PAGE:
In the short-term, the 179D deduction enables building owners to offset a small portion of the often costly expenses associated with energy-efficiency enhancements. In the longer-term, building owners who take advantage of the 179D deduction realize significantly lower energy costs, the benefits of leading-edge design and construction that enhances the building’s long term market value. Building owners utilize the deduction for both new construction projects and retrofits of existing buildings.
In the case of a public entity, the allocation of the 179D deduction, in the short-term, results in savings by allowing the public entity to negotiate a better deal and, in the long-term, allows the public entity to realize material, ongoing energy savings. The average 179D project (typically $0.60/ sq. ft. for lighting upgrades) saves a public entity an average of 20 percent on their energy expenses. Even in cases where there are minimal upgrades that qualify for 179D, public entities have saved relatively large amounts.
Energy efficiency projects require enormous skilled and semi-skilled work forces. The role EPAct plays in cost-justifying projects therefore plays a direct role in supporting a major source of employment in our state.
Lighting retrofits require lighting designers, laborers to remove and dispose existing fixtures, distribution centers to store the new lighting material, laborers to stage the new material near the job site and electricians to install the new fixtures.
HVAC retrofits require engineers for project system design, substantial U.S. manufacturing activity (most HVAC equipment is heavy and made in the U.S.), U.S. steel procurement and HVAC mechanics to install.
The building envelope involves a wide variety of manufactured and workshop materials including roofs, walls, windows, doors, foundations and insulation. In addition to the labor required to create these products, large numbers of roofers, carpenters, installers and laborers are needed to handle the material and incorporate it into a building.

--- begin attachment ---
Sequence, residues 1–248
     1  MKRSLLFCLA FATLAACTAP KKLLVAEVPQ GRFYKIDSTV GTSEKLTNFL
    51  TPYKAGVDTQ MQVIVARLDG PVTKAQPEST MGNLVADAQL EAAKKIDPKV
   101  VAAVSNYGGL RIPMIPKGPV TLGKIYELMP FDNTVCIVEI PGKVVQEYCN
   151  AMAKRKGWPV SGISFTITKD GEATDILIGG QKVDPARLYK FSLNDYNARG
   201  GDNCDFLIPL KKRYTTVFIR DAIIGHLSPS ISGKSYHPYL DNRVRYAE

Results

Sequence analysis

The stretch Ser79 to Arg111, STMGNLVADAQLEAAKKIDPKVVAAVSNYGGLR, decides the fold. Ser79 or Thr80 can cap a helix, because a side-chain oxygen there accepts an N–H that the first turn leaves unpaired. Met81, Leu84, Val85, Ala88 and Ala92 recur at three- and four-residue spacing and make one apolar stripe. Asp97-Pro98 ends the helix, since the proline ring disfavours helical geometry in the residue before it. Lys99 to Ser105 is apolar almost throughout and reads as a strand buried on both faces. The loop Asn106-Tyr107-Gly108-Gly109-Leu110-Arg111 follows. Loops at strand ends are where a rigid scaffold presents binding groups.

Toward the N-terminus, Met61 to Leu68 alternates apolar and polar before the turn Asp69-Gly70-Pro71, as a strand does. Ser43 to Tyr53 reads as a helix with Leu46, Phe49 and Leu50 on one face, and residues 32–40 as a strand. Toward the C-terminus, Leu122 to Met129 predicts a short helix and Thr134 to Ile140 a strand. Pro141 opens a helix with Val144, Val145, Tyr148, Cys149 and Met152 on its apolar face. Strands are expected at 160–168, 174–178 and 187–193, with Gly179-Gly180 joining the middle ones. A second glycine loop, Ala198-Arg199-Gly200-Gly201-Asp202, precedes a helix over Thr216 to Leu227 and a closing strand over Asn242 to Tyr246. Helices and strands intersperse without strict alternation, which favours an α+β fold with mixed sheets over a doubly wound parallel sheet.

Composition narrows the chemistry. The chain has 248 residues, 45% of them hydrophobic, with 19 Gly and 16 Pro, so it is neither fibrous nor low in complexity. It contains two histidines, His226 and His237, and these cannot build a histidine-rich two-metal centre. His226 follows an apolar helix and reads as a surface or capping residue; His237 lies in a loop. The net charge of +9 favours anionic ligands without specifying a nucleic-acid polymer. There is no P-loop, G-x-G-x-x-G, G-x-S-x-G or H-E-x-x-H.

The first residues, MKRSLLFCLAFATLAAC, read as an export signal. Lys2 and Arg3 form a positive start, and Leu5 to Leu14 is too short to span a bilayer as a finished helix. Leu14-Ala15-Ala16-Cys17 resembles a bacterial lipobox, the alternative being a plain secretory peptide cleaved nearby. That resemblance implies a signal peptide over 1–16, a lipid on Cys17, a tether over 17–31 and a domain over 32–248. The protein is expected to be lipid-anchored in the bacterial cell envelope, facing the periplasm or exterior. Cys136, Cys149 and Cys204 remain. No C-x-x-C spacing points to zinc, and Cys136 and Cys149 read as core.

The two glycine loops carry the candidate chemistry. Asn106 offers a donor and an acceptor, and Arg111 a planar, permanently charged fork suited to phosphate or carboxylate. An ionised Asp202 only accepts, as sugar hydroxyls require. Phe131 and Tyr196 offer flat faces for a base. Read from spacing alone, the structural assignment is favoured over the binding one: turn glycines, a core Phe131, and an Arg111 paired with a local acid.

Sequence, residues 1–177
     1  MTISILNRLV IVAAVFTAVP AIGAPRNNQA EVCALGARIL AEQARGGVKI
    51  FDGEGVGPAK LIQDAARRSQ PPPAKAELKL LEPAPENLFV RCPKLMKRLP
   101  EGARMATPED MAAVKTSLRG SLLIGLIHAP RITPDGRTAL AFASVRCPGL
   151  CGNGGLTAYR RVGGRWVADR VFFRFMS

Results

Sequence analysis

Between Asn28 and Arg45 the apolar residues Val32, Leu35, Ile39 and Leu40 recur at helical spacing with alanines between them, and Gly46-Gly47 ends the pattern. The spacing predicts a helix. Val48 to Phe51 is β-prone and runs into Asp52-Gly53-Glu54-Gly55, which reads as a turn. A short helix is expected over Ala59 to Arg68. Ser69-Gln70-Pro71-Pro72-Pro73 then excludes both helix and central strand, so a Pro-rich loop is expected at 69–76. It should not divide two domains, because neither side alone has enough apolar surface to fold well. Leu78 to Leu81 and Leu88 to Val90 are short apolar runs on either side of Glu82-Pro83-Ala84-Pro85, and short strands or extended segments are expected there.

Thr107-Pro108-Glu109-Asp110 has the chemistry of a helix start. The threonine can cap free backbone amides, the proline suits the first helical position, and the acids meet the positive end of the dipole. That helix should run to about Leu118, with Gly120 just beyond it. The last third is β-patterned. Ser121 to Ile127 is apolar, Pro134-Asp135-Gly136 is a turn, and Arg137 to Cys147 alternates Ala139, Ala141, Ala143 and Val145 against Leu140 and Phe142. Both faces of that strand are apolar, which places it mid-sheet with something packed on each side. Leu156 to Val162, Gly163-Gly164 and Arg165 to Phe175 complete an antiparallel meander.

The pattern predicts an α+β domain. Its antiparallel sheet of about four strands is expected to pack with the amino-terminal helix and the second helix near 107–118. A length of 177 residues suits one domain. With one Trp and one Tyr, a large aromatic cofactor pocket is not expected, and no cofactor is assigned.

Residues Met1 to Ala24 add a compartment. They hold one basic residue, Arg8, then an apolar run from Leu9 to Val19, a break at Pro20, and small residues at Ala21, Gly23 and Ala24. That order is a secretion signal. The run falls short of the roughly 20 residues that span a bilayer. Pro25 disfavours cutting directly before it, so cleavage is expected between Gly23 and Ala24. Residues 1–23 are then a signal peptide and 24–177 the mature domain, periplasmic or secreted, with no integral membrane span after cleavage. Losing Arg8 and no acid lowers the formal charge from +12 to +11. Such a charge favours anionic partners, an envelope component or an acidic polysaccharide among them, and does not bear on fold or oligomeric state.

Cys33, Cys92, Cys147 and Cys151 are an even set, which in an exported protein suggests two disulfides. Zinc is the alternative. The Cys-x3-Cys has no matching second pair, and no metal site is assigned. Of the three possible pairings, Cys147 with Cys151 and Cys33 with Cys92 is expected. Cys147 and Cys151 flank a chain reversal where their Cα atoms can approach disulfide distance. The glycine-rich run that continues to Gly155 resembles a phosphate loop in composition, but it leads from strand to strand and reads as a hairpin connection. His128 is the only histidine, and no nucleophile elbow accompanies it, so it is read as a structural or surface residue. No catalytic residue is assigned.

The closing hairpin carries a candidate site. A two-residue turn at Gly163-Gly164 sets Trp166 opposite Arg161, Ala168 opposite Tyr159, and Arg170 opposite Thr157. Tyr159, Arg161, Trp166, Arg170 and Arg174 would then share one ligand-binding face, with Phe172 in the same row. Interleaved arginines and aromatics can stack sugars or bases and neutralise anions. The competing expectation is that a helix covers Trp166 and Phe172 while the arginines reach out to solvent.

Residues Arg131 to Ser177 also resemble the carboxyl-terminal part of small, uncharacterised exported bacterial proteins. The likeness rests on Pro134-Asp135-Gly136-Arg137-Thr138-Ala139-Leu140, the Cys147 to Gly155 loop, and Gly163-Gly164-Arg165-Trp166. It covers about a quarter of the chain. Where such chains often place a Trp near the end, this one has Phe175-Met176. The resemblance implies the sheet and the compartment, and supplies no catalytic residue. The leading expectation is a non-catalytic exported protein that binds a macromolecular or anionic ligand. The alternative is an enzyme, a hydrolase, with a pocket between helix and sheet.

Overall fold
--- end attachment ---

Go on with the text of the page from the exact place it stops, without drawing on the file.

In addition, building owners’ reduced building expenses allow for the retention of jobs.
Our nation’s goal of becoming energy independent cannot be achieved through domestic oil and natural gas production alone. Energy Efficiency is an untapped natural resource. Commercial Buildings represent a large share of our nation’s energy use. “Drilling” for building energy efficiency is the least costly natural resource we have. Retrofitting is expensive, but with utility and government assistance working together with building owners energy use reductions between 20% to 50% can be obtained.
Commercial building energy efficiency is a critical way by which utilities can meet newly established national guidelines for carbon emission reductions. By improving the cost benefit equation of an energy efficiency retrofit, Section 179D thereby plays an important role in helping utilities comply with national policy.
Section 179D supports a key investment in the American economy: energy efficiency. Energy efficiency is a force-multiplying investment that saves energy, saves money, and sustains and creates American jobs. Comprehensive energy efficiency upgrades drastically improve the reliability and performance of the nation’s building stock, while reducing demand on our energy and water supply. We strongly support its inclusion as the Senate Finance Committee contemplates Comprehensive Tax Reform.